How can autophagy be involved in cell death if it is supposed to make cells younger and healthier? This is probably because biology creatively uses whatever is at hand, so many biological processes have multiple, sometimes mutually exclusive, purposes. Depending on the context, autophagy can accompany cell death, be a part of a signaling pathway that leads to cell death, or even directly cause it [5].

Twin power

In their study, the researchers first experimented with the ferroptosis inducer Fin56. In a series of experiments, they confirmed that Fin56 induced death in many, but not all, bladder cancer cells; that this cellular death was ferroptosis; and that this ferroptosis was autophagy-dependent in at least two lines of bladder cancer cells. Autophagy inhibition, as expected, greatly reduced Fin56-mediated ferroptosis. According to the researchers, not only does ferroptosis correlate with autophagy, it actively uses autophagy mechanisms to kill cells.

Torin 2, an mTOR inhibitor, was added to the equation. After 72 hours of treating two bladder cancer cell lines with the Torin 2 – Fin56 duo, only a tiny fraction of the cells remained viable. Yet, the results were heavily dependent on dosage: this almost complete eradication of the cancer cells was achieved only at the highest concentrations of Torin 2. The safe dosage in living organisms, including humans, remains to be seen. What is clear, though, is that these two autophagy-related processes running simultaneously greatly amplify the overall effect, which can potentially be used in cancer therapies.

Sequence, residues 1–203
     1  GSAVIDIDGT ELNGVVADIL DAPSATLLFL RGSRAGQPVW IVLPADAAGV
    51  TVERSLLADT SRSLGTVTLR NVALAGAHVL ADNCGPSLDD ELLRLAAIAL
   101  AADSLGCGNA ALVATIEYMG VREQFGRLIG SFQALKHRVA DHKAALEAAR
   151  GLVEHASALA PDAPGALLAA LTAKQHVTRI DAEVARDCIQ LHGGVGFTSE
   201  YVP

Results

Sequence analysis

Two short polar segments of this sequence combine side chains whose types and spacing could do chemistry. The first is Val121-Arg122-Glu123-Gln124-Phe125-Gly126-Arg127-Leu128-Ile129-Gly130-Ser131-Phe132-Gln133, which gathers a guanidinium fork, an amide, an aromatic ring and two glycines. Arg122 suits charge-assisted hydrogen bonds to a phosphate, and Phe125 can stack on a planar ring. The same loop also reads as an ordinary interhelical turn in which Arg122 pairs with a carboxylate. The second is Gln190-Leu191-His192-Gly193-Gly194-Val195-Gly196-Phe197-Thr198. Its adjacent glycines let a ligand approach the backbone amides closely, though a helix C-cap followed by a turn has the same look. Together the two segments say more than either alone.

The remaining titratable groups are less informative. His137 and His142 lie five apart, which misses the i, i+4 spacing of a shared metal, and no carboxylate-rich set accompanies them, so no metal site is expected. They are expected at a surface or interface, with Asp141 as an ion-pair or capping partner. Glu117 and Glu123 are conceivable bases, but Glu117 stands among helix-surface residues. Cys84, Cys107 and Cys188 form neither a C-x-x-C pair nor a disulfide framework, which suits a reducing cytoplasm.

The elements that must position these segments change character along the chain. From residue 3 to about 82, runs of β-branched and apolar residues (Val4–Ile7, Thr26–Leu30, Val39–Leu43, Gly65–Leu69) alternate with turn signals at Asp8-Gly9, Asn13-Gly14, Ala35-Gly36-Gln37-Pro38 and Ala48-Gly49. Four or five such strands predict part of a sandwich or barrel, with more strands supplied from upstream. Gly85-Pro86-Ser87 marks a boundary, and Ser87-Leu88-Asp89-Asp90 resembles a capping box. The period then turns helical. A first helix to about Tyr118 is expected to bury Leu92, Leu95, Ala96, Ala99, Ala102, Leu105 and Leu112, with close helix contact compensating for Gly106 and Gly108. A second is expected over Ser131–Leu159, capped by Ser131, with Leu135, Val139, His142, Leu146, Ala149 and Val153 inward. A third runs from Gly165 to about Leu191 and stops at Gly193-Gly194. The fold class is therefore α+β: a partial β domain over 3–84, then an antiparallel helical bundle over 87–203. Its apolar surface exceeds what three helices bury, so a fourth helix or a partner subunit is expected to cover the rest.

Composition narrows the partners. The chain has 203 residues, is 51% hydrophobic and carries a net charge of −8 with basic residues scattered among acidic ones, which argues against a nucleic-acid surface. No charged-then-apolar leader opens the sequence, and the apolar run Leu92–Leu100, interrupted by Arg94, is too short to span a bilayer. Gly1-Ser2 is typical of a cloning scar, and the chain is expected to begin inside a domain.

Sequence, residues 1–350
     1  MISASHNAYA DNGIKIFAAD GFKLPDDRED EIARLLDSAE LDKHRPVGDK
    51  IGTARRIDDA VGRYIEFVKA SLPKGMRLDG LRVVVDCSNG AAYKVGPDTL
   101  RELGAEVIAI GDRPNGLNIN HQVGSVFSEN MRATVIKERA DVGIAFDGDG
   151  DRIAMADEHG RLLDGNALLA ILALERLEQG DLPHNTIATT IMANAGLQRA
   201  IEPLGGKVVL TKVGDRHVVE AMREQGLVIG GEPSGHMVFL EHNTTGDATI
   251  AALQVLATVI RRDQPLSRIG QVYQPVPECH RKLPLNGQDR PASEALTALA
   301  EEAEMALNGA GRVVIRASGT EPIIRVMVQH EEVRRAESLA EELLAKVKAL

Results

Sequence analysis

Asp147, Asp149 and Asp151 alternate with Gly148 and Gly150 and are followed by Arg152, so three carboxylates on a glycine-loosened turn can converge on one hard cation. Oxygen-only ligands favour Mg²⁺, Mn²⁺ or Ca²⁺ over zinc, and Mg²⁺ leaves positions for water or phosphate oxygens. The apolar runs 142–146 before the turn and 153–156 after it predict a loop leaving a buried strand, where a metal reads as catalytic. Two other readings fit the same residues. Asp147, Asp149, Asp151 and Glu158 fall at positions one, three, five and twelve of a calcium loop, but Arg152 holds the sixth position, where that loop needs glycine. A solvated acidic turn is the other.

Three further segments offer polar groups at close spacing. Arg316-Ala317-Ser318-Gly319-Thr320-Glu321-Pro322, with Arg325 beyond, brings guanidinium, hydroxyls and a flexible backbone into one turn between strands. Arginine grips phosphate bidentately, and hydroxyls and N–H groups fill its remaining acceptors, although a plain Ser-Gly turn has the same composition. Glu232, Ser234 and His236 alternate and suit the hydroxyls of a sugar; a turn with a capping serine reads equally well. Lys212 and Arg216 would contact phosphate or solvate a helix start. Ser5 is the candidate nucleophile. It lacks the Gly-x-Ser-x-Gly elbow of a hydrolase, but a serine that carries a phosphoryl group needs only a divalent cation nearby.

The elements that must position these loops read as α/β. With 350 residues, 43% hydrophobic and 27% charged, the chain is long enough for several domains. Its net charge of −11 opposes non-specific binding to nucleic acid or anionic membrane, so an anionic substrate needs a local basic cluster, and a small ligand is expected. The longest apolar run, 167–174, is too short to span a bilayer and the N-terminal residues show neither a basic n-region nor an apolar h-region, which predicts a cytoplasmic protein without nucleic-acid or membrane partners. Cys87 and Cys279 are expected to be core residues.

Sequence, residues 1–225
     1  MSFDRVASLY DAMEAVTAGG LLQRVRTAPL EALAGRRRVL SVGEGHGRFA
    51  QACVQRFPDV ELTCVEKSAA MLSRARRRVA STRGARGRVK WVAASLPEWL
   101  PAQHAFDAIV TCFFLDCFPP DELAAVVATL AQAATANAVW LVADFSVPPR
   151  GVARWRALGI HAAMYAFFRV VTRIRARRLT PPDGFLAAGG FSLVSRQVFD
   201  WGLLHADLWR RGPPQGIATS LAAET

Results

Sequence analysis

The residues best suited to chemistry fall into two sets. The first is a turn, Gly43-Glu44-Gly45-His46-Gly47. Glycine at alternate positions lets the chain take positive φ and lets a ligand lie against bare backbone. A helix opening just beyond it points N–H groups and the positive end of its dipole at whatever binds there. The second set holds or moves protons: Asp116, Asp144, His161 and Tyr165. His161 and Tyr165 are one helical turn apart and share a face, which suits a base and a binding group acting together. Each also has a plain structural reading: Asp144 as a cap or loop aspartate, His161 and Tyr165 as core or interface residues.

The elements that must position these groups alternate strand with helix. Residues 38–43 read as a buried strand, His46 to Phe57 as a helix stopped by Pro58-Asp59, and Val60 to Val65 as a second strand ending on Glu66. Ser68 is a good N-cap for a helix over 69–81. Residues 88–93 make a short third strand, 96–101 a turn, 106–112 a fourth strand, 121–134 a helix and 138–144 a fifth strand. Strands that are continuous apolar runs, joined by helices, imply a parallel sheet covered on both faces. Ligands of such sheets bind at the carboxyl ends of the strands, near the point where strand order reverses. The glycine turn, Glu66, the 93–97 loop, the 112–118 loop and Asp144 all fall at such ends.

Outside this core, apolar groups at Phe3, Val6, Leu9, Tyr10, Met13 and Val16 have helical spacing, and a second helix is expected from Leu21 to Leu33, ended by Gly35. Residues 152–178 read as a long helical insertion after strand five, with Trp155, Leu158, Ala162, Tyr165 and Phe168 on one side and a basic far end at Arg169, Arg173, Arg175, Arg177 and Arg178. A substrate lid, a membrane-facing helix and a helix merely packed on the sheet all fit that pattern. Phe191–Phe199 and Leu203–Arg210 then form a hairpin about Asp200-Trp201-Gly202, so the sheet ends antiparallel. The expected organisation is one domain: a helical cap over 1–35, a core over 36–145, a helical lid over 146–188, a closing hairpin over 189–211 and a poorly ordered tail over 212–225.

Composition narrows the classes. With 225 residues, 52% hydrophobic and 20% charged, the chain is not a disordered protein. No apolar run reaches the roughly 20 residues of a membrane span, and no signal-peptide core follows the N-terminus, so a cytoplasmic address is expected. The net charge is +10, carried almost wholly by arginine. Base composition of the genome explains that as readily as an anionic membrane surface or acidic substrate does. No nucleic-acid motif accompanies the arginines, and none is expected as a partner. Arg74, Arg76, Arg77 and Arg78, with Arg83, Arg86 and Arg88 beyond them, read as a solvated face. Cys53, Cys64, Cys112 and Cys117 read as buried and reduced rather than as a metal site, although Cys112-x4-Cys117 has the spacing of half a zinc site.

Bladder cancer is the 10th most common cancer worldwide, responsible for an estimated 549,000 new cases and 200,000 deaths per year. As recent research shows, current methods of choice in cancer therapy, including chemotherapy, radiotherapy, are harmful and also seem to accelerate aging in survivors [6]. This makes finding new, less toxic methods a necessity. The interplay between autophagy and cancer is intriguing and complex, given that both its promotion and inhibition seem to have anti-cancer effects, sometimes in the same cancer type. This new research expands our understanding of the subject by showing how autophagy can be synergistically amplified by a duo of molecules to effectively quash bladder cancer cells.

We would like to ask you a small favor. We are a non-profit foundation, and unlike some other organizations, we have no shareholders and no products to sell you. We are committed to responsible journalism, free from commercial or political influence, that allows you to make informed decisions about your future health.